Cytotoxic T lymphocytes (CTLs) play a vital part in controlling viral replication during human viral infections. Most studies in human infections have focused on CTL specificities in chronic infection and few data exist regarding the specificity of the initial CTL response induced in acute infection. In this study, HIV-1 infection in persons expressing human histocompatibility leukocyte antigen (HLA)-A*0201 was used as a means of addressing this issue. In chronic infection, the dominant HLA-A*0201–restricted CTL response is directed towards the epitope SLYNTVATL (“SL9”) in p17 Gag (residues 77–85). This epitope is targeted by 75% of HLA-A*0201–positive adults, and the magnitude of this A*0201-SL9 response shows a strong negative association with viral load in progressive infection. Despite using the highly sensitive peptide–major histocompatibility complex tetramer and intracellular cytokine assays, responses to the SL9 epitope were not detectable in any of 11 HLA-A*0201–positive subjects with acute HIV-1 infection (P = 2 × 10−6), even when assays were repeated using the SL9 peptide variant that was encoded by their autologous virus. In contrast, multiple responses (median 3) to other epitopes were evident in 7 of the 11 A*0201–positive subjects. Longitudinal study of two subjects confirmed that the A*0201-SL9 response emerged later than other CTL responses, and after viral set point had been reached. Together, these data show that the CTL responses that are present and that even may dominate in chronic infection may differ substantially from those that constitute the initial antiviral CTL response. This finding is an important consideration in vaccine design and in the evaluation of vaccine candidates.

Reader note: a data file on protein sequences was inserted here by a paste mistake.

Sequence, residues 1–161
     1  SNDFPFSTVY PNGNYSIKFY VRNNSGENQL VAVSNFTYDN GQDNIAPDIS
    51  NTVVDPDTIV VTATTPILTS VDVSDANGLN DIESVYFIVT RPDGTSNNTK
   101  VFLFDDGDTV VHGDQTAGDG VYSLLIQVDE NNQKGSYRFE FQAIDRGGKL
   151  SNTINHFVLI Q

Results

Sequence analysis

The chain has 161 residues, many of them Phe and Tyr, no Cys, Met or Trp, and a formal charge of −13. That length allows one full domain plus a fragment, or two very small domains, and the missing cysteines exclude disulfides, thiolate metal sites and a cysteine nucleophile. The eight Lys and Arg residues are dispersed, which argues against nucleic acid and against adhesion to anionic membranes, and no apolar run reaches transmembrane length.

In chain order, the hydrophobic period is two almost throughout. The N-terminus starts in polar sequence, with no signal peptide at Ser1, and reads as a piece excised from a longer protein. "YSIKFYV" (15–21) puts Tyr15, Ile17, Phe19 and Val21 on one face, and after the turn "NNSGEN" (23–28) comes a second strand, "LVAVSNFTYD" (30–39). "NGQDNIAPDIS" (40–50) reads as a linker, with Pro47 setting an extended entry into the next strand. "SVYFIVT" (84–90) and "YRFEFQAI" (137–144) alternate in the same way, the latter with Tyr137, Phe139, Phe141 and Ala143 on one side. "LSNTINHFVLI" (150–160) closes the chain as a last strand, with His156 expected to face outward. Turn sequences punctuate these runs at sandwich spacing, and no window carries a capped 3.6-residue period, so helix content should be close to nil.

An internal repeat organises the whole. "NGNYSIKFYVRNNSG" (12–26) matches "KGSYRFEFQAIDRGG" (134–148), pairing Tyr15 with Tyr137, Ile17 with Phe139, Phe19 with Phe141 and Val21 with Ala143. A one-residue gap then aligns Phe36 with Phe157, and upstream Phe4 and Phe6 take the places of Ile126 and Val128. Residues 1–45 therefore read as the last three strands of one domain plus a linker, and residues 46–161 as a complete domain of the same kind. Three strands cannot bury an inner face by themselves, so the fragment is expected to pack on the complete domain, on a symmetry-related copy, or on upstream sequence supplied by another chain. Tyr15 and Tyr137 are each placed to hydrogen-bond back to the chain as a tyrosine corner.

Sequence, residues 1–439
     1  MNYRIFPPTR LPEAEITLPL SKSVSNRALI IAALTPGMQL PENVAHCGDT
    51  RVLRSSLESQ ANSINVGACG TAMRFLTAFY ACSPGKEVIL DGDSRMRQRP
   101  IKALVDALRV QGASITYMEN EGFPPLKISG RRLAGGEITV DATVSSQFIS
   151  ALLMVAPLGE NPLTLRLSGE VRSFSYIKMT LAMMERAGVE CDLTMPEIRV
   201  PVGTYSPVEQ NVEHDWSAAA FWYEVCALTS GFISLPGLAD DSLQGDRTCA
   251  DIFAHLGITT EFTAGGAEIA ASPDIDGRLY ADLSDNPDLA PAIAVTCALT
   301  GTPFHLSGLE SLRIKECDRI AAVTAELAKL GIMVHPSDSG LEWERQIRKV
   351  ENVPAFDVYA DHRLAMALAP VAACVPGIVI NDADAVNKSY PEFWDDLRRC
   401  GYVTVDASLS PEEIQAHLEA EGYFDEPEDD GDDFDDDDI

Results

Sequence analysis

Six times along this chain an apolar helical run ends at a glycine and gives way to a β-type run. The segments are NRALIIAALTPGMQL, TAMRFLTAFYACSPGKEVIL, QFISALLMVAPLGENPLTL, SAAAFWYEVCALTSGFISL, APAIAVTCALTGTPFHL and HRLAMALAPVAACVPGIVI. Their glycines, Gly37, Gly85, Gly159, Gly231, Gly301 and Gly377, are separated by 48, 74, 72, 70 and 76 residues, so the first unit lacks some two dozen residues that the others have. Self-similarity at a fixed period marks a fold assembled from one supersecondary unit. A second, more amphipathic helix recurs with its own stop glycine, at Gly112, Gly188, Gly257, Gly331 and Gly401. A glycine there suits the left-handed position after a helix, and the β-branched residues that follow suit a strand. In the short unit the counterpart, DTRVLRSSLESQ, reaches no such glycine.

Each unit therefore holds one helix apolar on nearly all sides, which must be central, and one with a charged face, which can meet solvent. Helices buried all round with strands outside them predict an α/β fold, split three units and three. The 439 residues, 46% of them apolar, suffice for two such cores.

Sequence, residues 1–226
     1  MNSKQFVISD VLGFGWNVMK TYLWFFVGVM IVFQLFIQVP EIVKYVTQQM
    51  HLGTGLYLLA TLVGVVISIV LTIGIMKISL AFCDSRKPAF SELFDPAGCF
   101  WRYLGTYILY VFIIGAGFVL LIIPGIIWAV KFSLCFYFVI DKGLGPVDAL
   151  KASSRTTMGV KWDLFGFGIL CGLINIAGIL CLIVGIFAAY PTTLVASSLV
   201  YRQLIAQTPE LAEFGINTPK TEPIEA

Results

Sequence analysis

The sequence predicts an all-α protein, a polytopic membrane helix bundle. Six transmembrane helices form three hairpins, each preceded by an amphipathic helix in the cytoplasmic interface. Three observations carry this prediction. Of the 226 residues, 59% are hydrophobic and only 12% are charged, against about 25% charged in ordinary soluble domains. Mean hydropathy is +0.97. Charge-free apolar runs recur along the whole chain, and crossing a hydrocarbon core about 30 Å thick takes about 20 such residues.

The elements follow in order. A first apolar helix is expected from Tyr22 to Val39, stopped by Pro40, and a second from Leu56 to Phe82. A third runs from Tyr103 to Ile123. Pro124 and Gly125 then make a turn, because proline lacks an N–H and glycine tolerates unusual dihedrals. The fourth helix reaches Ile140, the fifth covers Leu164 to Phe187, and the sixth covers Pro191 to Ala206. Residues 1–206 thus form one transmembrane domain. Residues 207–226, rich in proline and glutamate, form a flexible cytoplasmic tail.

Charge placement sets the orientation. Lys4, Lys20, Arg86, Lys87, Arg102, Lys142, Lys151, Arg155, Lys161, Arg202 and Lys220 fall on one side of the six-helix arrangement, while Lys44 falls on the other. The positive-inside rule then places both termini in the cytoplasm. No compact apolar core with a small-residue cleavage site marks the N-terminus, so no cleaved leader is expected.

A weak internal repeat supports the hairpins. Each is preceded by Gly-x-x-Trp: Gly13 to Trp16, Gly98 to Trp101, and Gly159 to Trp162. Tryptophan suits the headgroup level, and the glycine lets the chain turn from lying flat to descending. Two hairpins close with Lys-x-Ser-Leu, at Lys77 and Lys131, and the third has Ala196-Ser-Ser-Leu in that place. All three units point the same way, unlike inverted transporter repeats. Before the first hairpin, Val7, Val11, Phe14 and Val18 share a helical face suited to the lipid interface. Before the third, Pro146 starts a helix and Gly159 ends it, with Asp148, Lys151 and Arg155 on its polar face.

Virus-specific CTLs play a critical role in the control of viral infections 1,2,3,4,5,6,7,8,9. Studies in the lymphocytic choriomeningitis virus (LCMV) mouse model have most clearly shown that the early antiviral cellular immunity that is generated strongly influences the subsequent course and outcome from the infection 10. Similar conclusions may be drawn from investigations of human viral infections 3,4,5,11,12,13,14. This implies that the immune responses that are observed in the chronic phase of persistent virus infections may largely be a consequence of what has occurred initially, and that perhaps the most important antiviral immune responses to understand are those responsible for early control of viremia in acute infection. Recent studies in the simian immunodeficiency virus (SIV) macaque model strongly support this hypothesis 15. In the design and testing of vaccines, it is vital to know whether the CTL specificities differ significantly between acute and chronic infection. If differences do exist, it is necessary to determine which responses should optimally be generated by a candidate vaccine.